With the foundation is in place, the artistry comes in. Glass turned to vendors in his workplace practice area to enhance the structure’s design. Paulina Ribadeneyra owns Workspace Consulting Group, a modern commercial furnishings dealership in Stamford, CT, and she’s commissioning New York fiber artist Richard Zimmer to paint fabric that will cover the seating portions of the DIFFA installation. Zimmer was selected through The Alpha Workshops, a New York nonprofit that provides decorative-arts education and employment to artists with HIV/AIDS and other disabilities. Zimmer, a long-term AIDS survivor who’s worked with Alpha for eighteen years, said his artistic contributions to DIFFA over the years have been intensely personal – especially now that HIV and AIDS treatment is so effective and readily available. “I’ve been in the trenches. It’s a different perspective from the young people,” said Zimmer, 62, who was diagnosed with AIDS in his 20s and recovered due to then-experimental treatments that were coming available in the late 1980s. Young patients “never saw the protests, they never saw ACT UP, they never saw the [protest] coffins at the White House,” he explained. “People don’t realize that if drugs weren’t available, it would be a big crisis. Without these medications, a lot more people would have died a horrible and ugly death.”

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An example of Richard Zimmer’s exuberant paintings on hemp fabric. Image courtesy of Richard Zimmer.

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Zimmer created a series of intricate curtain tiebacks for a ballroom, crafted from hand-weaving on board, crochet, knitting in the round, and macrame. Image courtesy of Richard Zimmer.

Rami Afifi, whose eponymous company fabricates custom millwork and built-ins for many of Perkins Eastman’s interior projects, will be using Zimmer’s painted fabric to upholster the seating in the DIFFA installation. “I can’t not be involved with that. It’s giving back to the community,” says Afifi. “AIDS research has been lacking, especially when you see what happened after this pandemic, with the funding that went into these [COVID-19] vaccines in months, when it took years and years” to find effective treatments for AIDS, he added.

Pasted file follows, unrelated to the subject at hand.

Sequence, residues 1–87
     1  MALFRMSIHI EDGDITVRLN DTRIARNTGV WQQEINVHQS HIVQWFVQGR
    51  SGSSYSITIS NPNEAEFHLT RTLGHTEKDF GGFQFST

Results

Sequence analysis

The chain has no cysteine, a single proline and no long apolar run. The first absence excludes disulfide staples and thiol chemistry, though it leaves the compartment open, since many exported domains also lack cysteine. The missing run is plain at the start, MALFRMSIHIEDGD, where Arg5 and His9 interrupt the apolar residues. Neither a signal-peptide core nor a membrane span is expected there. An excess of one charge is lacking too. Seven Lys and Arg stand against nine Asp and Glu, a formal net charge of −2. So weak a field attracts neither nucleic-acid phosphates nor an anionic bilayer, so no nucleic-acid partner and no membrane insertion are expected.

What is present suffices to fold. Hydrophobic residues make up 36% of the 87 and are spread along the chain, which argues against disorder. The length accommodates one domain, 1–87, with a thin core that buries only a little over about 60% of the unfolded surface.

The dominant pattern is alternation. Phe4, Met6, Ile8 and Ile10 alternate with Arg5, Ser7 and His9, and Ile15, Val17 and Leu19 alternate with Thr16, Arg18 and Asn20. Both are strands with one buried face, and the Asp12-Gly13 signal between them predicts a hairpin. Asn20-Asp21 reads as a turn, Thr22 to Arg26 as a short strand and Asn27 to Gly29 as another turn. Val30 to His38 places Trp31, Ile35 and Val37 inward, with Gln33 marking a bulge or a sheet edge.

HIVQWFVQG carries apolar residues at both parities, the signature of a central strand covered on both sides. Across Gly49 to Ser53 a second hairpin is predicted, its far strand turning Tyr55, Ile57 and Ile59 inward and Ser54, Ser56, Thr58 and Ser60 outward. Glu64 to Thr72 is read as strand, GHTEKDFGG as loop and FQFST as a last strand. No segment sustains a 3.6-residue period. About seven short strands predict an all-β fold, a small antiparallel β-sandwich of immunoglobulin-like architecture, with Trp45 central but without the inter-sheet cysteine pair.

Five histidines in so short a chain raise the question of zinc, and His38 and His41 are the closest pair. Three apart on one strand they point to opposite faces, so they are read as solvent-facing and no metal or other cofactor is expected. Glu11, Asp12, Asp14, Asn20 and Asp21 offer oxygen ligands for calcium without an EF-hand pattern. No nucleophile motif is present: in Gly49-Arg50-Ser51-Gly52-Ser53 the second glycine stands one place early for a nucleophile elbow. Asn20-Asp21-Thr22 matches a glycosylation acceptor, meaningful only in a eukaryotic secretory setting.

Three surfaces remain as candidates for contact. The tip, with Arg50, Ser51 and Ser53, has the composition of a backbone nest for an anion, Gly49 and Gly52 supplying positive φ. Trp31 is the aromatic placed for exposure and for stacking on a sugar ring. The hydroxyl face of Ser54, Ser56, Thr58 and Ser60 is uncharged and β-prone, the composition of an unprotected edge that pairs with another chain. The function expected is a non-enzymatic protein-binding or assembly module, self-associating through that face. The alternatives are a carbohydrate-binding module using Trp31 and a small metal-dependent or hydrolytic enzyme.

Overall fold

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Rami Afifi did all the woodworking for the wall and ceiling panels and the cabinetry for the fulfillment center at Blue Apron in Linden, NJ, a Perkins Eastman project. Photo copyright Paul Rivera/ Courtesy Perkins Eastman.

Since DIFFA was founded in 1984, its annual fundraising gala has been called “Dining by Design,” in which architecture and design firms were invited to create environments in which guests would eat their meals. The upcoming gala is part of a five-day event that also includes a separate cocktail party, pop-up shopping, raffle prizes, and an auction – and it will be the first to depart from the dining focus. This time, the invited companies will be creating exhibits of pure design inspired by the “Unity” theme. “Now you can showcase them until the event is over,” DIFFA’s Roberson said, instead of eliminating them by virtue of people eating at their decorated tables. Perkins Eastman will be joining other firms such as HOK, Gensler, Rockwell Group, and STUDIOS, while Florim is among sponsoring manufacturers such as Benjamin Moore, Cosentino, and Julian Chichester. With the help of DIFFA Board Chair Cindy Allen, the editor-in-chief of Interior Design magazine, the organization paired Florim with Perkins Eastman to contribute. “We play this role as matchmakers,” Roberson said.

If the colors of the rainbow symbolize support for the LGBTQ community, Glass equates his experience with the DIFFA project to a similarly broad spectrum of artisans and makers who have come together to create the display—Egyptian-Muslim and Latin-X business owners; a gay artist who survived AIDS and an arts cooperative dedicated to supporting his community; plus a tech startup that’s charting new paths in design fabrication technology. “It’s about the diversity of the group we pulled together for the advocacy of AIDS in New York,” Glass said. “It’s not just about LGBTQ folks. It’s about our allies and a diversity of thought.”